Immigration USA

Arizona v. United States, (2012), was a United States Supreme Court case involving Arizona's SB 1070, a state law intended to increase the powers of local law enforcement that wishes to enforce federal immigration laws. The issue is whether the law usurps the federal government's authority to regulate immigration laws and enforcement. The Court ruled that sections 3, 5(C), and 6 of S. B. 1070 were preempted by federal law but left other parts of the law intact, including a provision that allowed law enforcement to investigate a person's immigration status.

2014 President Obama issued an executive order — the Deferred Action for Parents of Americans and Lawful Permanent Residents (DAPA) — to allow many illegal immigrants to be granted ‘deferred action status’. This meant that, although not granted full citizenship, they would be subject to an indefinite delay in their deportation from the United States. To be eligible for DAPA, a person must:

■ have lived in the United States without interruption since 1 January 2010

■ be physically present in the United States when applying

■ have a child who is a US citizen or lawful permanent resident

■ be free from any criminal conviction

■ not pose a threat to national security

This would have allowed some 5 million unauthorised immigrants who were parents of lawful residents to remain legally in the country.

In December of the same year, Texas along with 25 other states, all with Republican governors, challenged the President’s action in federal court.In November 2015, the federal appeals court found that President Obama did not have such powers, and that his action was unconstitutional as it breached the clause of Article II of the Constitution that requires the president to ‘take care that the laws be faithfully executed’. In other words it was not up to the president which laws he enforced.

The 4–4 tied decision left in place the federal appeals court decision blocking the plan. The Supreme Court’s judgement in United States v Texas (2016)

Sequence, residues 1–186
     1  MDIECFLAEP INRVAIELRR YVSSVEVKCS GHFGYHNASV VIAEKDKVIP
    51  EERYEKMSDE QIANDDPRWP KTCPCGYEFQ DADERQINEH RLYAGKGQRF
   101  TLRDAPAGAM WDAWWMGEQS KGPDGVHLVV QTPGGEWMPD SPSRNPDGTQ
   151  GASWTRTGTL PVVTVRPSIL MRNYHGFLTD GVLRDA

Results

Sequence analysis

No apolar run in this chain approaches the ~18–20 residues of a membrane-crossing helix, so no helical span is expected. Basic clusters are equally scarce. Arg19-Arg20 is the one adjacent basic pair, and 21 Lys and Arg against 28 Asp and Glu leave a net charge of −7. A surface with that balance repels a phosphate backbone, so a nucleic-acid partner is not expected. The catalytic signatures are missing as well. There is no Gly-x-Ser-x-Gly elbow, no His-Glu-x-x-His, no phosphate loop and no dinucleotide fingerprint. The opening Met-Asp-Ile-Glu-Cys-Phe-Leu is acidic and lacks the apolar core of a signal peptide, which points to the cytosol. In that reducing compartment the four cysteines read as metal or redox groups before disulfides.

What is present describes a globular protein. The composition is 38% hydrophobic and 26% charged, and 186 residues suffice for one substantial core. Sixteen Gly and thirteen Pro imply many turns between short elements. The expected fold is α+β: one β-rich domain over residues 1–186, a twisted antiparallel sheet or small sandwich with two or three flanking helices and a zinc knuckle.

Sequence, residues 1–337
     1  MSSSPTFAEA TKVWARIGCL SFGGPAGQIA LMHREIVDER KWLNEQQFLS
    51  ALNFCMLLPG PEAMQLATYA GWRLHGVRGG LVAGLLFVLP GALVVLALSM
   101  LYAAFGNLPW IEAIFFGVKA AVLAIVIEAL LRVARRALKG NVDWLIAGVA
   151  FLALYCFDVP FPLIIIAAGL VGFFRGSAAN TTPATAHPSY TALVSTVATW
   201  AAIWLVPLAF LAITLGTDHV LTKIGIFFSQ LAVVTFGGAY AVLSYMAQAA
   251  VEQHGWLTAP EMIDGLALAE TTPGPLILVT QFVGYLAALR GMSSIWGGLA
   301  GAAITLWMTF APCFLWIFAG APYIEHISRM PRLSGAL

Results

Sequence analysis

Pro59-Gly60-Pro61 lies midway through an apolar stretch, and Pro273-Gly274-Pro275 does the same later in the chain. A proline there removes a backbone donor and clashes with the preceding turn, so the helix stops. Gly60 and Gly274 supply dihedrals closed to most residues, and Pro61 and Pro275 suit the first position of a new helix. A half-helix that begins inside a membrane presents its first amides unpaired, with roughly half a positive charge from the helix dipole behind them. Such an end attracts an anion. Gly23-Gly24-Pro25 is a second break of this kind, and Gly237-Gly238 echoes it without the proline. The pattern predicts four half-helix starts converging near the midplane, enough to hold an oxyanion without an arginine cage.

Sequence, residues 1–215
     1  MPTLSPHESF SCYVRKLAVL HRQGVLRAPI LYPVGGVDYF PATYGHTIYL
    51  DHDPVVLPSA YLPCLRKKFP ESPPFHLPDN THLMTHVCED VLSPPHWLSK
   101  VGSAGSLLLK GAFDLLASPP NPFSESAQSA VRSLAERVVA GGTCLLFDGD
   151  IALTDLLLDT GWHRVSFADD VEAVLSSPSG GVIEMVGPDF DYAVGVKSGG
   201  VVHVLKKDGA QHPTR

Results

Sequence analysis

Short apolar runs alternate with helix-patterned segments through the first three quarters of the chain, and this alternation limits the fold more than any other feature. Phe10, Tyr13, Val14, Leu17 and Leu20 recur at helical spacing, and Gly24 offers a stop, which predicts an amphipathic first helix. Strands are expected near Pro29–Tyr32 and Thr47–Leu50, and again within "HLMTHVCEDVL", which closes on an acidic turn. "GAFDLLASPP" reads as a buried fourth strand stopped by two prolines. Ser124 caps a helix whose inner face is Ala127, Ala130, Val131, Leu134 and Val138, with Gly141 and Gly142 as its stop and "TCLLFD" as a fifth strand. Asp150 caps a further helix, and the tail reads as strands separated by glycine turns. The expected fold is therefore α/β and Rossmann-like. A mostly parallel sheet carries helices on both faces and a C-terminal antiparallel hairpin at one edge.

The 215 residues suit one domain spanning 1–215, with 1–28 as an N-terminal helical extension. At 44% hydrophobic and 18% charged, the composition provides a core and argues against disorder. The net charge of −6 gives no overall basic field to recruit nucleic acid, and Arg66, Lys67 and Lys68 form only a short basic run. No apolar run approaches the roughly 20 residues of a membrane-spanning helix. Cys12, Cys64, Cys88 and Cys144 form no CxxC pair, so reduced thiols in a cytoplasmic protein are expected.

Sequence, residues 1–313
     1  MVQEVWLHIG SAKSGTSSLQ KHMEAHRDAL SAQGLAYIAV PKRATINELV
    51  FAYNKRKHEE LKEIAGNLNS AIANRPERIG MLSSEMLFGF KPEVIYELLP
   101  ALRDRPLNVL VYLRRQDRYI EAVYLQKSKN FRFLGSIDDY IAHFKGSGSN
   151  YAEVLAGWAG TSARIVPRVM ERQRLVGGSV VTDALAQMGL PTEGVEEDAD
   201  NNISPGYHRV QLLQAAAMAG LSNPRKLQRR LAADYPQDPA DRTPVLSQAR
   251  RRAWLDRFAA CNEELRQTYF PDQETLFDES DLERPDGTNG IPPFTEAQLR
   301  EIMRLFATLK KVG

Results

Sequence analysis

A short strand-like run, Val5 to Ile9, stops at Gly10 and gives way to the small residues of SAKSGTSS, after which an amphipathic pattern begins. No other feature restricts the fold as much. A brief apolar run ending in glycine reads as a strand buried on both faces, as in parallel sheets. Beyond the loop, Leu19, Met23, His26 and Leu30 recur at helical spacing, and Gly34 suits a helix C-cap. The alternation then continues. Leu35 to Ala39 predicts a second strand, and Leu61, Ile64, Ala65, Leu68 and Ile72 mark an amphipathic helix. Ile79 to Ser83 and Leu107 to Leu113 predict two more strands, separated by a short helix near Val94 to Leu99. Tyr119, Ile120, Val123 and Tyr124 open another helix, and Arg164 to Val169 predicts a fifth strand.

On June 15, U.S. Secretary of Homeland Security John Kelly rescinded DAPA, making the case moot. DACA was left in tact and further attempts by the Trump administration to end DACA failed.

The Trump Travel Ban - While not an immigration case the checks which Trump faced illustrate the role of the courts.

The president and the Supreme Court

The 2017 Trump travel ban (sometimes called the "Muslim ban") First, Executive Order 13769 placed stringent restrictions on travel to the United States for citizens of Iran, Iraq, Libya, Somalia, Sudan, Syria, and Yemen. Following protests and legal challenges, a second order, Executive Order 13780, amended some provisions of the first order, and removed Iraq from the list. Finally, Presidential Proclamation 9645 added restrictions on Chad, North Korea, and Venezuela, while Sudan was removed.

The 'Wait in Mexico' Policy

August 2021 Biden's attempt to roll back some of Trump's immigration policies were prevented by the Supreme Court. The Supreme Court refused to block a court ruling ordering the Biden administration to reinstate a Trump-era policy that forces people to wait in Mexico while seeking asylum in the U.S. With the three liberal justices in dissent, the court said the administration likely violated federal law in its efforts to rescind the program informally known as Remain in Mexico.

The justices said in their unsigned decision that the Biden administration appeared to act arbitrarily and capriciously by rescinding the policy, formally known as the Migrant Protection Protocols. They also cited last year's decision in the Department of Homeland Security v. Regents of University of California case. That decision blocked the Trump administration's effort to undo the Obama-era program protecting young immigrants that came to the U.S. as children. The court declared that policy to be 'arbitrary and capricious'. This is an example of the court attempting to maintain consistent precedents. Immigration advocates, including the American Immigration Council said Remain in Mexico is a dangerous policy for thousands of people seeking humanitarian aid.

After Remain in Mexico was enacted in 2019, thousands of asylum-seekers were forced to await their immigration hearings in the U.S. in rough conditions across the border.